US Mass Shootings: Ohio attack suspect may have had up to 250 rounds of ammunition
The death toll has risen in the two separate shootings in the US states of Texas and Ohio this weekend. The latest from the investigation into Sunday's Ohio shooting... suggests the suspect may have had up to 250 rounds of ammunition. This means there could have been a far greater number of casualties, if his rampage hadn't been cut short by police. In El Paso, Texas, the death toll of Saturday's Walmart shooting has climbed to twenty-two after two more victims succumbed to their injuries on Monday. The number is likely to rise as a medical center says one victim is still in critical condition. CGTN's Dan Williams has more from El Paso.
El Paso is a city, a community united in grief. But as this makeshift shrine continues to grow, so does the death toll following Saturday's horrific attack.
This is now the scene of one of America's worst mass shootings. Although, El Paso-born Beto O'Rourke - candidate to become the Democratic party's presidential nominee - says the community remains strong.
BETO O'ROURKE US PRESIDENTIAL CANDIDATE "We are not afraid. We are strong. We are confident. We are hopeful. We are courageous. And that's El Paso."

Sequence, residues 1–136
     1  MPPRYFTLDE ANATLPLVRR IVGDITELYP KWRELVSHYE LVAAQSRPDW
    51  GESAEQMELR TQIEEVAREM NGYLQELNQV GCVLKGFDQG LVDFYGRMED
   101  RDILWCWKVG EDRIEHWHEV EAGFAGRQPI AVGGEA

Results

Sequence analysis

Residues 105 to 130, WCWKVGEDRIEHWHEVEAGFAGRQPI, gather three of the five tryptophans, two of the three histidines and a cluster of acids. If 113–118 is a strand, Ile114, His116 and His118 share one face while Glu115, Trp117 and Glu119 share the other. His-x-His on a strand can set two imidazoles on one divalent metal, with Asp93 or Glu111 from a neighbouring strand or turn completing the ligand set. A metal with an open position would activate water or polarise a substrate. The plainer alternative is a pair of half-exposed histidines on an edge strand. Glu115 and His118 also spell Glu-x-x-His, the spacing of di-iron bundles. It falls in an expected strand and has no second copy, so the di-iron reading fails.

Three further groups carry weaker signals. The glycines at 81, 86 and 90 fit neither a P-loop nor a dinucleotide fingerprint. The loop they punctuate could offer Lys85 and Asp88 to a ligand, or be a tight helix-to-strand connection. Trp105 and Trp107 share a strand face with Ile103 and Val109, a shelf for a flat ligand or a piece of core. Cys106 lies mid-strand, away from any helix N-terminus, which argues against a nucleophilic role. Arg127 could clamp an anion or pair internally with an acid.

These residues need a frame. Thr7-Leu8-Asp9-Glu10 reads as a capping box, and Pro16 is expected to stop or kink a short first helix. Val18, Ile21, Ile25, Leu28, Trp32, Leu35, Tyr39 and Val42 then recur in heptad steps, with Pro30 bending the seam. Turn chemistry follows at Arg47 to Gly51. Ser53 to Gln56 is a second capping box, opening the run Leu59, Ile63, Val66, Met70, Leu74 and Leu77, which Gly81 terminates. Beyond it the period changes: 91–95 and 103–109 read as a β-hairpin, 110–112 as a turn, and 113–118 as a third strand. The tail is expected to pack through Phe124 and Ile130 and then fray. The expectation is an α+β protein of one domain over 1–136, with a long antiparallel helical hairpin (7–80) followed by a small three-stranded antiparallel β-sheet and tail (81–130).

Among those who witnessed the attack was Jimmy Villatoro.
JIMMY VILLATORO EYEWITNESS "It was crazy. There was just bodies, people running out of the store. There was deceased bodies on the floor. It was horrendous."
DAN WILLIAMS EL PASO, TEXAS "This is a community that has only begun the process of mourning. But as the shock wears off, there is anger too. A community ranked one of ten safest cities in America is asking itself why it was targeted with such hate."
Police are continuing to probe what led 21-year-old suspect Patrick Crusius to drive more than 1,000 kilometers from a suburb of Dallas to El Paso to carry out this attack.
Authorities are investigating a 'white nationalist' manifesto posted on a far-right message board. Believed to be written by the suspect, the document detailed his hatred for immigrants, saying the attack was in response, for what he describes was 'a Hispanic invasion of Texas'.
"In my opinion, I don't feel safe anymore. It is hard. I have never seen it so close. I live on the borderland. I feel safer in Juarez, at this point."
"I am pretty sure I am not the only Latino in the United States who is an actual American citizen - or an immigrant for that matter - that feels scared. I am telling you, it could have been any one of us."
"Rourke is among those who feel President Trump shoulders some of the responsibility. O'Rourke says Trump has repeatedly targeted the Mexican community at his rallies."
BETO O'ROURKE US PRESIDENTIAL CANDIDATE "Everyone regardless of their party affiliation, regardless of any difference must put this country first and call the President out for what he is doing and make sure that we end this."
It has been a deadly weekend across America. A weekend that, once again, appears to have exposed this nation's toxic racial divide. Dan Williams, CGTN, El Paso Texas.